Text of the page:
Notable Year for Right Whale Births

Knowing that there are more North Atlantic Right Whale calves this year than last (20 vs. 6) makes for good news. What makes this really interesting is that two of the calves have made first time grandmothers out of two of the whales, made Wart a great-grandmother and put 1134 in the category of most prolific, with her 9th calf. The Savannah Morning News published an article yesterday about this year’s calves and about the sightings in the Southeast region during the winter months.

North Atlantic right whales are beginning to return to Massachusetts coastal waters for feeding and gathering in ‘surface active groups‘, otherwise known as SAGs.  Perhaps the best way to see these animals is from shore, especially a place like Race Point Beach in Provincetown. Whale watch boats must maintain a distance of 500 yards from these animals, as opposed to 100 yards for all other species typically seen on local whale watches. So, the whales are more likely to be closer to the shore than they are to a boat.

North Atlantic right whale breaching in Cape Cod Bay, May 2009.  Taken by Regina Asmutis-Silvia/WDCS

North Atlantic right whale breaching in Cape Cod Bay, May 2009. Taken by Regina Asmutis-Silvia/WDC

Your New Bedford Whaling Museum will celebrate this unusual, endangered species on Monday, April 15 with our fourth annual Right Whale Day. From 10:00am – 2:00pm, with the help of our friends at Whale and Dolphin Conservation, New England Coastal Wildlife Alliance, NOAA’s Office of Education, artist/author Peter Stone, and the Museum’s High School Apprentices, we will have a right whale obstacle course, multiple craft and activity tables, a 48-foot inflatable right whale (which you can into), a right whale drawing workshop, stories, lots of information and artifacts and cake. You can also sign the petition to extend past December 9 the rule that has done a very good job of protecting these whales from ship strikes.  All of these activities are FREE.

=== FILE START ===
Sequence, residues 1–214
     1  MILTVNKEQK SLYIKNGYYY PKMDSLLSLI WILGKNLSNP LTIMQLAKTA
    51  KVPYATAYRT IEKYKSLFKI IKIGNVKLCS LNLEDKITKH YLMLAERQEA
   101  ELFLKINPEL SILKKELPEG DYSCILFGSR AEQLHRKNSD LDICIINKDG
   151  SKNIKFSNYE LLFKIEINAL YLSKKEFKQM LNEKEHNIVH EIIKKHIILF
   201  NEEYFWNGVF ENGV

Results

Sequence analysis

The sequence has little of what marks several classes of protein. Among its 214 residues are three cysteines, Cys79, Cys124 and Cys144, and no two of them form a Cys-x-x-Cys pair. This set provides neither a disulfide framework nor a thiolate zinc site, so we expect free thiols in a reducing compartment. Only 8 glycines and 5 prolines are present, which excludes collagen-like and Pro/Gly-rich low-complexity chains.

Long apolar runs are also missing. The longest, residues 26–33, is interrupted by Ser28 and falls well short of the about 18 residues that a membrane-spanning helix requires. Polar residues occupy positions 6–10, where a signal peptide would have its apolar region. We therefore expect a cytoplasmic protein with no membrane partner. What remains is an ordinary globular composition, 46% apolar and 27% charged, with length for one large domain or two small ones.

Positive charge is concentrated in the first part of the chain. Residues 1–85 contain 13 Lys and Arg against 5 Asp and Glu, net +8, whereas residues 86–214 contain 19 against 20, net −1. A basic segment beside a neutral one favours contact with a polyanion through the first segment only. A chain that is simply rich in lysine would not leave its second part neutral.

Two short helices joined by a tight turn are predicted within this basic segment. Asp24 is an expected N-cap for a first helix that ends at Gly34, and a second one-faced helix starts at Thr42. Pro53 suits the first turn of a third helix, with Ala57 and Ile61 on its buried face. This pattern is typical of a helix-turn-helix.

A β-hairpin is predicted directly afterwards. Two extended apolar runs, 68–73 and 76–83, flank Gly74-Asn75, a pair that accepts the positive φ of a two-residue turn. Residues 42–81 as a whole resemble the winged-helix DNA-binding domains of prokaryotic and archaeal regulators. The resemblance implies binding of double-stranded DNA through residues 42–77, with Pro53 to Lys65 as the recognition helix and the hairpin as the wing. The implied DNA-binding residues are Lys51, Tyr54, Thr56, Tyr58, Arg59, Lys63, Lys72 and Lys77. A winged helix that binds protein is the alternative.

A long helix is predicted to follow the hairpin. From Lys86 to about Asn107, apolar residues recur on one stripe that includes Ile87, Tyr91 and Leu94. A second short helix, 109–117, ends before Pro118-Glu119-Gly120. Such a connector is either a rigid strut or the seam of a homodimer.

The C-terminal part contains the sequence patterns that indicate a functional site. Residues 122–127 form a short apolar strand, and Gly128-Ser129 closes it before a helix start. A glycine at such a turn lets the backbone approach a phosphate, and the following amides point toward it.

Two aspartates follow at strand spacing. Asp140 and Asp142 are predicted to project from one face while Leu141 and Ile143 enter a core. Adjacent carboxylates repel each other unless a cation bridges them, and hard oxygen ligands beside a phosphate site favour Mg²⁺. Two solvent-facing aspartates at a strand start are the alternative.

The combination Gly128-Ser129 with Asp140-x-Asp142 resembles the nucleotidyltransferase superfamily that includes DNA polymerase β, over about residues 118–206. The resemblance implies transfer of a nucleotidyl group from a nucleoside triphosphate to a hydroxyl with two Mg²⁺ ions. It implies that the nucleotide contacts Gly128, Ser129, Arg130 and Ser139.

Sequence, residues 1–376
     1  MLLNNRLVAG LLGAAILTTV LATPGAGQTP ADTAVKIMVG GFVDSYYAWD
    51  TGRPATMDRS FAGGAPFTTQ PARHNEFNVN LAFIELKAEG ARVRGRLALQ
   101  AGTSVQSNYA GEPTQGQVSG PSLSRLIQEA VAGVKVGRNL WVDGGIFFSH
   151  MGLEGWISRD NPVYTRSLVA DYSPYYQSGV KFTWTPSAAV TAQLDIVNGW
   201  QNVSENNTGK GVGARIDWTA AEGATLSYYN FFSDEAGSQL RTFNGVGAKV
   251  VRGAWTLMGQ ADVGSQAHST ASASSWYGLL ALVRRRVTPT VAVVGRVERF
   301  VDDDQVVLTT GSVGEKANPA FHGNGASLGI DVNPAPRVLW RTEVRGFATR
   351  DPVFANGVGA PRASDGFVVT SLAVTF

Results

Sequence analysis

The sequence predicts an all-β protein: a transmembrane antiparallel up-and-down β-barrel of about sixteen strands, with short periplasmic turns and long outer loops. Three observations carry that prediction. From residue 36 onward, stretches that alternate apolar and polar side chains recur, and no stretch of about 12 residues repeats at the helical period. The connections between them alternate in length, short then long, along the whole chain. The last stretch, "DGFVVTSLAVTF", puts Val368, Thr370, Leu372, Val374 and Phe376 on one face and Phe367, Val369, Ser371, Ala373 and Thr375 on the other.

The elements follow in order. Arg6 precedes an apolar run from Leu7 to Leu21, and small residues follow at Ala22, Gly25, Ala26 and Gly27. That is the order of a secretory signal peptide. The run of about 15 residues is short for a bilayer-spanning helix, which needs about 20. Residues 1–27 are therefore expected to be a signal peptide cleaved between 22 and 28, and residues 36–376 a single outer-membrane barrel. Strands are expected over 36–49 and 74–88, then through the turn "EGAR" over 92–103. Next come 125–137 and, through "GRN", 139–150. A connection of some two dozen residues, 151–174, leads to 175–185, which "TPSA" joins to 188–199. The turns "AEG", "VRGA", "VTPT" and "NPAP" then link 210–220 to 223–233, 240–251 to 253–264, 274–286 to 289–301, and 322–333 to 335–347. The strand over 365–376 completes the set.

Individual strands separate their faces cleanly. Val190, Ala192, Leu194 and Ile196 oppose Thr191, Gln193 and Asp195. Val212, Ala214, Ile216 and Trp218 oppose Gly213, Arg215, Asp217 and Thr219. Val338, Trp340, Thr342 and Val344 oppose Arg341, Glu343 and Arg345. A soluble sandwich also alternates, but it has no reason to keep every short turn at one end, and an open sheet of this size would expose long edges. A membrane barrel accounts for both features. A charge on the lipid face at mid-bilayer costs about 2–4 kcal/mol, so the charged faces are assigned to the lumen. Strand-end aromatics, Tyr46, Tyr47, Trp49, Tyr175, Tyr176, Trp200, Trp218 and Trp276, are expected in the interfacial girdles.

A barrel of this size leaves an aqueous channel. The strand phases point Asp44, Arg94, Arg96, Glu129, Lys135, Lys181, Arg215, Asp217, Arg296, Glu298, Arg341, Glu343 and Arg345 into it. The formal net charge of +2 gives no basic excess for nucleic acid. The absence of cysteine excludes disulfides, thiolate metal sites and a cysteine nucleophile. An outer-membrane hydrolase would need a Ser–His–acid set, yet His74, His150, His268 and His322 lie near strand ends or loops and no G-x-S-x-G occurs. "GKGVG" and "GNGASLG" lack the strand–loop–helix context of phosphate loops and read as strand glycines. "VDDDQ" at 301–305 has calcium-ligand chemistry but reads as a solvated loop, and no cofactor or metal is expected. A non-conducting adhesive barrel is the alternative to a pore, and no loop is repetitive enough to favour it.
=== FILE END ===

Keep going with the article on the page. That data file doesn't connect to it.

Act Right Now – Save a Species…The Video

North Atlantic right whale killed by ship strike. Photo by Monica Zani, New England Aquarium. Taken under NOAA/NMFS federal permit.

North Atlantic right whale killed by ship strike. Photo by Monica Zani, New England Aquarium. Taken under NOAA/NMFS federal permit.

On December 9 of last year, less than two months ago, the Whaling Museum hosted a press conference to announce the launching of the Act Right Now – Save a Species campaign. This campaign seeks to remove the ‘sunset’ date of December 9, 2013 that was included as part of the rule that requires ships greater than 65 feet to slow down to 10 knots when they enter areas known to be inhabited by the North Atlantic right whale. This rule is seasonal, since the NARW migrates along the eastern seaboard of the United States.  Based on the results of the first four years, this rule is proving to be an effective tool in cutting down on ship strikes in these areas.